In a bylined article for Texas Lawyer, the firm’s Weston Hall examines a recent opinion by the Texas Supreme Court clarifying that noneconomic damages awards must be reviewed based on the size of the award and the available evidence. The ruling in Gregory v. Chohan disallowed more than $15 million in noneconomic damages awarded to the widow of a man fatally injured in a multi-vehicle crash on an icy road in November of 2013. Crucially, the Supreme Court acknowledged there was evidence to prove the existence of damages but not the amount of damages.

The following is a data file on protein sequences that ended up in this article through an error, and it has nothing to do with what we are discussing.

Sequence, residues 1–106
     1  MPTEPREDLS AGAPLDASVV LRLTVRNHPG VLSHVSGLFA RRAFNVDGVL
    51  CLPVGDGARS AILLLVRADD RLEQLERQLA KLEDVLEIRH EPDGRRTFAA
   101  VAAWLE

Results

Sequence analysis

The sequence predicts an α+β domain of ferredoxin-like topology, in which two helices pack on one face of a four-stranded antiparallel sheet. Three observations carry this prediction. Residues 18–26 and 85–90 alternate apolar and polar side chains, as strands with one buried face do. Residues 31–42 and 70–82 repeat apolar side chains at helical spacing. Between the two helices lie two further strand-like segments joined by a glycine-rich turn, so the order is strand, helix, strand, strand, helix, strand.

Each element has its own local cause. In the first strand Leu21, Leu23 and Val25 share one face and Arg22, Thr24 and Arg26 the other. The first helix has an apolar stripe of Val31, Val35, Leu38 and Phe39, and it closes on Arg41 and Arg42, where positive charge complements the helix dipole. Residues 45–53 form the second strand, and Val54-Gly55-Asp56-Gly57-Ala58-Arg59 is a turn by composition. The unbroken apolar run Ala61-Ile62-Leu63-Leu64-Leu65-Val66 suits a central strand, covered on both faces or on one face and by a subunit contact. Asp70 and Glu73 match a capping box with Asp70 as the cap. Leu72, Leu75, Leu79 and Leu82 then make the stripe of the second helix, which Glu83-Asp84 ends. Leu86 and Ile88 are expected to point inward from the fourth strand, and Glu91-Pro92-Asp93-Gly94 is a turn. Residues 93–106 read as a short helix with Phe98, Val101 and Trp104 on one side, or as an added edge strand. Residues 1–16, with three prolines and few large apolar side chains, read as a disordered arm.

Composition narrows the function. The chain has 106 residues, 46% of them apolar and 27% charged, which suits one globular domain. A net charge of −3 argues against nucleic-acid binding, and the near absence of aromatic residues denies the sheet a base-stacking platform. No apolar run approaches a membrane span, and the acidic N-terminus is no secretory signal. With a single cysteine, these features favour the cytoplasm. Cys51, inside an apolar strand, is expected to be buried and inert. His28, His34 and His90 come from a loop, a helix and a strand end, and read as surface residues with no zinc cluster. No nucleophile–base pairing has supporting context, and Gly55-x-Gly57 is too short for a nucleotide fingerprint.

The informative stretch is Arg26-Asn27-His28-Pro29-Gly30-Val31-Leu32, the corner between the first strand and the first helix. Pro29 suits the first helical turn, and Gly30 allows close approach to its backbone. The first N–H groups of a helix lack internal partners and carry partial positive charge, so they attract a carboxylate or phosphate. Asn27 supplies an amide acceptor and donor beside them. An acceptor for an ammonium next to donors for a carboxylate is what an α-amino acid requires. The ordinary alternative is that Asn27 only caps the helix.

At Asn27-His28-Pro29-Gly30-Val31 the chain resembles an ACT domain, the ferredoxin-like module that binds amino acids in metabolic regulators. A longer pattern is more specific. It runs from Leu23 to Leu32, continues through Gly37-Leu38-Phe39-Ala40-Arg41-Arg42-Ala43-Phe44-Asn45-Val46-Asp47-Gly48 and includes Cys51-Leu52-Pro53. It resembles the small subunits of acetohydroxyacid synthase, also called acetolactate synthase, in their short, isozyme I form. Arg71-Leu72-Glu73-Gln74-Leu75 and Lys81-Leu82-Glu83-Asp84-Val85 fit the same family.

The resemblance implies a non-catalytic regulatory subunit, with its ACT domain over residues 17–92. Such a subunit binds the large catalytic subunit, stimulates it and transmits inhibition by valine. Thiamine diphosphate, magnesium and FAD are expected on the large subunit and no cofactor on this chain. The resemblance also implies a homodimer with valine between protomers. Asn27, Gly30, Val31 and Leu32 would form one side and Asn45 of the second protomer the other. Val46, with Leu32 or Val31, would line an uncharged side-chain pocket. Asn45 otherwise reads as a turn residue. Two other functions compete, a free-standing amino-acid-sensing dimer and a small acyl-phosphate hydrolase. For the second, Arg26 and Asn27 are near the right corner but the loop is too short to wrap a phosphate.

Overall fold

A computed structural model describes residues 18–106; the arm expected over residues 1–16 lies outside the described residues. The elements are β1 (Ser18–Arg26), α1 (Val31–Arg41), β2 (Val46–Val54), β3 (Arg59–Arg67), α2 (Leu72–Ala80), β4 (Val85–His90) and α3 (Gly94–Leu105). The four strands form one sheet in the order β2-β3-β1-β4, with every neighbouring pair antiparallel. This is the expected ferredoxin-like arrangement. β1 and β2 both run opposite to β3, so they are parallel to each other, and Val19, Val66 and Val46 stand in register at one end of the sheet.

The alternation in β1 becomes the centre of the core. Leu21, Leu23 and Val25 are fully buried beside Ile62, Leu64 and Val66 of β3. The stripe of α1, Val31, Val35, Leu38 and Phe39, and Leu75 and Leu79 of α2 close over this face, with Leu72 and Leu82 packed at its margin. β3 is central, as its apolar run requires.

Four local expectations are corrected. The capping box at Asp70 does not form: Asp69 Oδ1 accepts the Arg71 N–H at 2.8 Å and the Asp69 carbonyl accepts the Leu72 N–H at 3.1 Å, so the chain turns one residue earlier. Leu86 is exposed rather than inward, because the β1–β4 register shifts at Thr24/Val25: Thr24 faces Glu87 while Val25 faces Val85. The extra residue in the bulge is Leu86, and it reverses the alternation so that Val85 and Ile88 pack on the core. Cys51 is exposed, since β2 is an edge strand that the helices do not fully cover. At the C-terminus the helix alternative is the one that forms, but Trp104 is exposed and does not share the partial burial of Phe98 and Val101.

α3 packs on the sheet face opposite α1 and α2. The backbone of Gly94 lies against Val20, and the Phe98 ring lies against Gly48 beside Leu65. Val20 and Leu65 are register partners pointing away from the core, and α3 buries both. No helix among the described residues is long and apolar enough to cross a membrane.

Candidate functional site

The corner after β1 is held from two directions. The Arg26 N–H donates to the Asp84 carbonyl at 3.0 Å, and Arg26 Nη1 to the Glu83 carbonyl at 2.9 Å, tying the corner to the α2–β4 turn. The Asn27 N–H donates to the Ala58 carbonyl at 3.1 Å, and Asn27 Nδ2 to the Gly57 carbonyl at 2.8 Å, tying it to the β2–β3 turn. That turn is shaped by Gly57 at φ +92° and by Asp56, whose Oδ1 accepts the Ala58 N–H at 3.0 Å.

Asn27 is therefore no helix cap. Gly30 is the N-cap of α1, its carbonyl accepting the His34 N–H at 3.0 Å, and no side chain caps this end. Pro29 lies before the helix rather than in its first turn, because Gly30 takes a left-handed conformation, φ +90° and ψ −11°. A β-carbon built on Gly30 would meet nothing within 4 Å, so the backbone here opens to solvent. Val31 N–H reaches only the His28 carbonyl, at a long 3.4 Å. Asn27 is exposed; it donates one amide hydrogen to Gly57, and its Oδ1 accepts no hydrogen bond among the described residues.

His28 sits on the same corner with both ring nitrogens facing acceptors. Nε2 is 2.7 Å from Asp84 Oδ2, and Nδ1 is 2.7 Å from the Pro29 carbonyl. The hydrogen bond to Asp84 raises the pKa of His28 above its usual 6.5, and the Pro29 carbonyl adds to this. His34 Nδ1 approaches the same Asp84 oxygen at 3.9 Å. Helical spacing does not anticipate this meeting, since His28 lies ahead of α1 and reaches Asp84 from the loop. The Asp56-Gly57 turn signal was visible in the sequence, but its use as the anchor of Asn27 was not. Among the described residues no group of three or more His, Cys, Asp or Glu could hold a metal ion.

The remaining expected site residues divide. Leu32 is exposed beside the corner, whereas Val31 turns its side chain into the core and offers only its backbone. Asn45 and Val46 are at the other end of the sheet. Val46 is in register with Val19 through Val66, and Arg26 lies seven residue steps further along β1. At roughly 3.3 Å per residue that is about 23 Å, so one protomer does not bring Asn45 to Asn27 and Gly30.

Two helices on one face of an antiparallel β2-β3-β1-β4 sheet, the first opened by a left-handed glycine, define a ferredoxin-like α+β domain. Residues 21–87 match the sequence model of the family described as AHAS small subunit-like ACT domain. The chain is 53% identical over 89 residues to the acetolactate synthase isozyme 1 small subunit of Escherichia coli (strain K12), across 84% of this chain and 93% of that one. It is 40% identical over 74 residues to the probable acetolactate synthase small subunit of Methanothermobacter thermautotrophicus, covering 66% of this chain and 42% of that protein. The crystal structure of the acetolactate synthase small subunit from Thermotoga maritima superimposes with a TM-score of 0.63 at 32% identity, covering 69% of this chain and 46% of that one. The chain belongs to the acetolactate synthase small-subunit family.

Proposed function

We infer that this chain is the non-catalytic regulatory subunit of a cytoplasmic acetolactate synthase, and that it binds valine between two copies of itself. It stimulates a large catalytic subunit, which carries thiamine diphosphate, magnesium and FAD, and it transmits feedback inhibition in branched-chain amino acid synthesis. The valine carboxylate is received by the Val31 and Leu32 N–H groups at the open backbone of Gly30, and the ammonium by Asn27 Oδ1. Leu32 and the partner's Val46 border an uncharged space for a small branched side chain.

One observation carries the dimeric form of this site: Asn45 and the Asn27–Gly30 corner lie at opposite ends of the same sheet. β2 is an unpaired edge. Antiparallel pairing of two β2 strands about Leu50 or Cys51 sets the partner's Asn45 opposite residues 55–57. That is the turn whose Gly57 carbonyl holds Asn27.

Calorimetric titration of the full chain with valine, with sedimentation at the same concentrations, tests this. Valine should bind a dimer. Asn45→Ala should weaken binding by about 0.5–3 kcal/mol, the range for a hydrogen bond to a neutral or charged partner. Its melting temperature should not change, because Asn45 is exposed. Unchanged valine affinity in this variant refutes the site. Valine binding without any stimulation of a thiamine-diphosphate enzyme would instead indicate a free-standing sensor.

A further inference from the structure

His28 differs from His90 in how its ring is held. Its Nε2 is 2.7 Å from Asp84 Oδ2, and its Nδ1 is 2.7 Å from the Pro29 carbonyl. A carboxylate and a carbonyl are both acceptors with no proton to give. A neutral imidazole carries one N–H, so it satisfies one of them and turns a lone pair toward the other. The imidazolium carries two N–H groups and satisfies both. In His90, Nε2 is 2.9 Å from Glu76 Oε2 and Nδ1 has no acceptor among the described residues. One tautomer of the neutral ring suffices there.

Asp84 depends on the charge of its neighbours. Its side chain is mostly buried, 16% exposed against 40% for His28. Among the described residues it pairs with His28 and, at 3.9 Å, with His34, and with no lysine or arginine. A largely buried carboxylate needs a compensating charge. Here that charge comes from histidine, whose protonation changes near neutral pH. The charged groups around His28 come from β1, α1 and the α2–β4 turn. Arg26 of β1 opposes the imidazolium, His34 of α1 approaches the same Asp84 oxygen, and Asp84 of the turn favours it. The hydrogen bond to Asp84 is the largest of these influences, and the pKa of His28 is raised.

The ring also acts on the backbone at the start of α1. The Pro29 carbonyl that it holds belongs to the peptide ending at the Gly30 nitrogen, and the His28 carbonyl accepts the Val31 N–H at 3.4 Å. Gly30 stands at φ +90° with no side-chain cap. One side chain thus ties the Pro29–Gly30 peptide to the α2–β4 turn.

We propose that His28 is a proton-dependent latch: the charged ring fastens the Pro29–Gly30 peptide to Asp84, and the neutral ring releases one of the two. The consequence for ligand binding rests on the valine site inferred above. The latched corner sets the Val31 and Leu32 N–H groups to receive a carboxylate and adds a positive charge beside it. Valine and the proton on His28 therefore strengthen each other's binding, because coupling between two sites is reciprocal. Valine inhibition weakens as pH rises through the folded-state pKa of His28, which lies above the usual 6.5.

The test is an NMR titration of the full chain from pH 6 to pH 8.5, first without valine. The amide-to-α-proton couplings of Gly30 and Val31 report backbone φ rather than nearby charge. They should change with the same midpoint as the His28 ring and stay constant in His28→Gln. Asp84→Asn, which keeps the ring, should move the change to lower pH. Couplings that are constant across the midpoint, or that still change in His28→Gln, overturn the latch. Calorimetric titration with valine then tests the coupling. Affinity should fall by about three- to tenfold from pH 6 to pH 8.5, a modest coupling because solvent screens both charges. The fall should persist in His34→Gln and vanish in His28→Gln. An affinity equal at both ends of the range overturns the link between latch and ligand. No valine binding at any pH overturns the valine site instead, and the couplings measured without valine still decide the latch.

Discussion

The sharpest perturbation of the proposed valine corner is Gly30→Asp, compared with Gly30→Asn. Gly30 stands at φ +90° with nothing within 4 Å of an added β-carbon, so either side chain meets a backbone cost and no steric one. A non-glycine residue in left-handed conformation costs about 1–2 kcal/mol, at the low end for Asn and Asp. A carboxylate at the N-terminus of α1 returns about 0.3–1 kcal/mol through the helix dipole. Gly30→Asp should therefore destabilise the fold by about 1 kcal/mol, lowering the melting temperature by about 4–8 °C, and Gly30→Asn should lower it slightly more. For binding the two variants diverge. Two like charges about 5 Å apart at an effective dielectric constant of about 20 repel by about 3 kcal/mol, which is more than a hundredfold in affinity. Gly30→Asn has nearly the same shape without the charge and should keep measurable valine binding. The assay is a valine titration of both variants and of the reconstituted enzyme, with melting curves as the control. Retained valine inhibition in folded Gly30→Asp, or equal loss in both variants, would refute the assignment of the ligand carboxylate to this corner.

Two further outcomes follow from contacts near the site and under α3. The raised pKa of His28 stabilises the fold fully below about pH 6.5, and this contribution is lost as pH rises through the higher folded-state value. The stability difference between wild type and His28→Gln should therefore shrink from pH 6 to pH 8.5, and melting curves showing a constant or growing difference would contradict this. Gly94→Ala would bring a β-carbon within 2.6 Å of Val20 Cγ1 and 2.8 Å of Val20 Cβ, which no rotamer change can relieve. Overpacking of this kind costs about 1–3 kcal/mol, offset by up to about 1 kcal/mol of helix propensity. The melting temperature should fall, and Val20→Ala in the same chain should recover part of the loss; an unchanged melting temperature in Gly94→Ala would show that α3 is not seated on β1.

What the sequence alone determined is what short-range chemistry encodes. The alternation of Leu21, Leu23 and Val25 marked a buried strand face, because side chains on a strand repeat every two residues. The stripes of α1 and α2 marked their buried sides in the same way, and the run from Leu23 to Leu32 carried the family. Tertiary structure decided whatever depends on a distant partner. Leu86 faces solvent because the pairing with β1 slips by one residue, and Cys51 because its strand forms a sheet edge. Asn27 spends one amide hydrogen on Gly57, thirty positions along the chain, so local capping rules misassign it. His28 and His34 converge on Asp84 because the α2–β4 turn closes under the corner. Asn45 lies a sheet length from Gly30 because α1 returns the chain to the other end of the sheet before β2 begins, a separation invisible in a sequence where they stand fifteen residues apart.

In analyzing the opinion Mr. Hall writes: “There must be a rational and articulable reason justifying the amount of noneconomic damages awarded to the plaintiff,” If there is no evidence, then the damages are improperly awarded. Plaintiffs’ attorneys will be forced by defense counsel, through expert testimony and cross examination, to provide more concrete evidence substantiating their noneconomic damages and providing a nexus between the numbers alleged and the ‘nature, duration and severity’ of plaintiff’s mental anguish.”
To read the complete article, click here: TXL810202345993.
Attorney: Weston Hall